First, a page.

Once in awhile, when the door is opened rapidly, the circuit breaker trips for the microwave. It appears to happen only when the door is suddenly opened and never when opened slowly. I have taken it apart and cleaned it and checked the door switches. I am not sure how and why the door switches would be able to trip on the circuit breaker yet the fuse in the microwave never blows? I would like to repair this as I believe this could potentially cause more other serious problems.
Check what other appliances are on your circuit. What goes off when the breaker is tripped. You may need to relocate the microwave to a different circuit. Try to stay away from the refrigerator or AC circuits.
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I run into this problem when people are running their microwave off a 15amp line. Especially if it is sharing the line with another appliance like a refrigerator or large over head light or in my wife's case...the vacuum cleaner. Step one is to count the amps on the line. Step 2 is to replace the breaker. They do go bad but not often. Good luck.
The circuit breakers may both be functioning properly. What might be happening is that both circuits have other current drawing appliances on them. The circuit breakers react to the sum of all of the currents drawn by all of the devices on that circuit. So, if you have a 15 amp microwave and an 8 amp refrigerator on the same circuit, you would overload a 20 amp circuit by 3 amps.
Generally microwaves should be on their own breaker. Hard wired ones are required to be by code.
If yours has a plug - make sure the plug is original with the unit, not added later or spliced onto hard-wired power leads.
Plug into and outlet rated 15A as the only thing on a 15A branch circuit and try again. If it still trips, try a 20A line and circuit. If it trips that, trash the microwave and buy a new one. Nothing is meant to be repaired inside.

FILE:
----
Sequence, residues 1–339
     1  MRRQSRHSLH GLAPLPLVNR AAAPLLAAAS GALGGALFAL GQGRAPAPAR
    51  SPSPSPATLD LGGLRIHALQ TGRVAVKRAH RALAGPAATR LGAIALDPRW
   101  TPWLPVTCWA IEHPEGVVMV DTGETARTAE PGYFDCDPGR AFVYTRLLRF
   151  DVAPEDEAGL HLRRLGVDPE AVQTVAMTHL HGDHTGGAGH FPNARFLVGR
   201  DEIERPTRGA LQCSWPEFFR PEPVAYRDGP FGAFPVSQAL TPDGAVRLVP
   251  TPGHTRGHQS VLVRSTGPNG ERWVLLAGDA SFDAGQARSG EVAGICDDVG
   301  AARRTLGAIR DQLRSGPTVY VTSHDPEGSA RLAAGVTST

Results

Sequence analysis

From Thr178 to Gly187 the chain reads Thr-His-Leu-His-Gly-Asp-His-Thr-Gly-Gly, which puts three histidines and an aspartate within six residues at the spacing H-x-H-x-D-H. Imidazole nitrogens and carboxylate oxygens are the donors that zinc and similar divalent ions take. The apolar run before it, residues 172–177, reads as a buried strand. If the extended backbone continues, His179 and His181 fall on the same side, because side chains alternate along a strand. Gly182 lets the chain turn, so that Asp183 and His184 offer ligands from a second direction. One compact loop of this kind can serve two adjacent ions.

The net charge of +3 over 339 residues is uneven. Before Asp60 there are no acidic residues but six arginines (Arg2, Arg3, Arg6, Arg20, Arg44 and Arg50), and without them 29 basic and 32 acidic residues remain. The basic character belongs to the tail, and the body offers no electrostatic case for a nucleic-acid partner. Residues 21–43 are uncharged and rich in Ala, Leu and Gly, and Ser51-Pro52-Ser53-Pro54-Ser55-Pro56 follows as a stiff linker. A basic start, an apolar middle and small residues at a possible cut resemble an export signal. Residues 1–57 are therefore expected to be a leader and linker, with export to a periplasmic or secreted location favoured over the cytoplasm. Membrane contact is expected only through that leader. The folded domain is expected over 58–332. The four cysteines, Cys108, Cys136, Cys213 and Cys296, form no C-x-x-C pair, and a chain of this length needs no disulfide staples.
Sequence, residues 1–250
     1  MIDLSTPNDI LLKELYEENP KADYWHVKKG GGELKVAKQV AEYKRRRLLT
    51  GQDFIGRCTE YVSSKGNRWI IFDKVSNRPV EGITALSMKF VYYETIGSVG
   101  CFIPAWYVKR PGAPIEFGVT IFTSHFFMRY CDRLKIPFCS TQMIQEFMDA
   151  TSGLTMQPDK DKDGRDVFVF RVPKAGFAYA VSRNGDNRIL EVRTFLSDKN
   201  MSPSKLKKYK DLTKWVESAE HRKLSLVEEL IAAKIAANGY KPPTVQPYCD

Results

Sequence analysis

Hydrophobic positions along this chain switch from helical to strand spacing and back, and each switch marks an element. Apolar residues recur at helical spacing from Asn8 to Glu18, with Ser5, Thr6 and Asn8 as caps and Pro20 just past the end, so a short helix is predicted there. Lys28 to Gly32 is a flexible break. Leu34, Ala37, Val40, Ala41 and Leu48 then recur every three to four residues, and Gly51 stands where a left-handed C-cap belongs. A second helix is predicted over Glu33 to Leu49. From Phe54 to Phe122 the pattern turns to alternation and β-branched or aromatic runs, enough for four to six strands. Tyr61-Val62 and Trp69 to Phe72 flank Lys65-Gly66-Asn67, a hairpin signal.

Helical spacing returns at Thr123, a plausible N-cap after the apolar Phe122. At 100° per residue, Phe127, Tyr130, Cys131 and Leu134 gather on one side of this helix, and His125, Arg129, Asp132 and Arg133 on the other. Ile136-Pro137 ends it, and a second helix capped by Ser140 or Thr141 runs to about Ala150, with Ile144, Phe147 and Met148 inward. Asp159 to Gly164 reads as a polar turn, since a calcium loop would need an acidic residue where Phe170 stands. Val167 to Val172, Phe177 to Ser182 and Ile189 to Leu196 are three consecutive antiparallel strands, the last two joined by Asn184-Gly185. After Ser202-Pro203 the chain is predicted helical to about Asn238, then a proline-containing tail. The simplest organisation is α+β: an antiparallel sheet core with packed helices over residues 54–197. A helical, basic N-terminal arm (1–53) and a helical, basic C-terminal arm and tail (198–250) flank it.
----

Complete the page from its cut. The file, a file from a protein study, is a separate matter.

Remove the control panel, take pictures of the door switch wiring while they are still connected to the door switches, then remove the door switch assembly. Have someone at the appliance store check each switch and repair the ones that are defective.
I purchased a switch for $7, reinstalled the door switch assembly and the microwave is working fine now.
For a breaker to trip, you have to have an over voltage condition that is usually referred to as a short. Since your unit works in the cook cycle and only trips the circuit breaker when you open the door the short has to be in the door latch switch or reset circuit. So it wouldn't be that hard to repair, but since it is 7 years old and not the most energy efficient unit, if you aren't able do the repair yourself, then I would replace it!
You can get an idea of how hard the repair would be by going to the searspartsdirect.com web site and putting in the model # off the ID TAG. Then look for the door latch assembly and that will give you an idea of the cost of the parts and get an idea of how hard it is to replace.
Make sure it is plugged into a 20 amp circuit. If it is in a kitchen it should be a 20amp breaker if it trips a 20 amp breaker it needs to be replaced. If it is a new house and you plug it in in the kitchen and it trips a 15 amp breaker then the house does not meet code. ref Article 210.52(B)(1) NEC
Since power = voltage X current, 1.58kW / 120VAC = 13.166A
So this unit should be fine on a 15A breaker unless the breaker is bad, the wiring or a connection is loose somewhere between the breaker and the microwave, or the microwave's magnetron or high voltage transformer are failing and drawing extra current.
Microwaves should really be on the own separate breaker if at all possible. Plus, the more a breaker trips, the more work out it gets.
Have you measured the voltage at the outlet? If that's off, current and power will be affected. It should be about 110-125VAC.
A good power test for outlet and wiring integrity is a toaster, toaster oven, or hair dryer rated at about 1500 watts.
If it doesn't run and heat steadily, then there may be a problem with the house wiring or breaker.
If it passes this test, the problem is likely in the microwave.
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